Somehow just signing Aramis means the scales have tipped in the Brewers’ favor, but considering that they won the NL Central this past season, the scales weren’t exactly tipped against them anyway.  The issue is, as previously stated, whether Aramis can carry enough of the offensive load to offset the loss of Fielder (and maybe Braun) while not sucking on defense enough so the Brewers’ pitching can prevent enough runs to amass 90 or so wins.  The St. Louis Cardinals may have lost Albert Pujols to the Angels, but they are also getting Adam Wainwright back and the rest of their lineup is pretty formidable.  I foresee the Brewers, Cardinals and Cincinnati Reds battling for the division as they’ve done in the past few seasons.

The fact is that Aramis is a horrible baserunner and a less-than-average defender, but that bat overcomes his faults in a huge way.  His splits do support the narrative that he starts slow, but when he’s on, he is way on, and the Cubs appreciated that bat in 2003, 2007 and 2008.  As the best Cubs third baseman since Ron Santo and Bill Madlock, we should appreciate Aramis for all he’s done for this club, and while we hope he goes 0-for-200 when he plays the Cubs, we hope he does well for the remainder of his career.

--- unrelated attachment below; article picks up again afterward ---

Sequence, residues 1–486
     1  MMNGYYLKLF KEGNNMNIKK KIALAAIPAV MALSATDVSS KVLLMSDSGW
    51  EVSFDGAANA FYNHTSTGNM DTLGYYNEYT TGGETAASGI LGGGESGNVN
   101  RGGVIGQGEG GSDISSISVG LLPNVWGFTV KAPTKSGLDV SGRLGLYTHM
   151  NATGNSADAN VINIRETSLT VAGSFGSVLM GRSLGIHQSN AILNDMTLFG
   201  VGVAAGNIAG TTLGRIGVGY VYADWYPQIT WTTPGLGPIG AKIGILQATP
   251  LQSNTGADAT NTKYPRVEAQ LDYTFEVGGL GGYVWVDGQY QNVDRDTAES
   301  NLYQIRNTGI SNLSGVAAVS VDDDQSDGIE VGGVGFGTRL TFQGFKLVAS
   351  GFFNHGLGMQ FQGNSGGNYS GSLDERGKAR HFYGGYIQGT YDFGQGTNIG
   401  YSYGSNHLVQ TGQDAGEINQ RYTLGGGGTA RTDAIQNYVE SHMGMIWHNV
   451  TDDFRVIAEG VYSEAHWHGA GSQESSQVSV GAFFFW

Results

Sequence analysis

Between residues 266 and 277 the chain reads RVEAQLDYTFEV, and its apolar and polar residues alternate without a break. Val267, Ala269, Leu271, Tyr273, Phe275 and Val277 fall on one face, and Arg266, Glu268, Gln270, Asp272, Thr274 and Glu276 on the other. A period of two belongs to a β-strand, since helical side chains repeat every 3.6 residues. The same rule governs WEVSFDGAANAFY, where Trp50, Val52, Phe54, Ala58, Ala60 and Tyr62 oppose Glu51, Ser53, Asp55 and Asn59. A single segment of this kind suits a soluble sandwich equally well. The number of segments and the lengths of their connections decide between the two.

Koyie Hill Loses His Job

The Cubs also lost their resident shop teacher and gritty hearty backup catcher, Koyie Hill as the team elected not to tender a contract to him.  We should appreciate Koyie’s performance sitting in for Geovany Soto, who was fat and sucked in 2009, but Koyie doesn’t belong on a MLB roster and could probably be more useful as a bullpen catcher or even a coach.  Getting rid of Koyie means that the Cubs will have a marginally better offense, and will allow guys like Welington Castillo or Steve Clevenger to come up and take over the backup role.  Good luck in whatever you decide to do next, Koyie.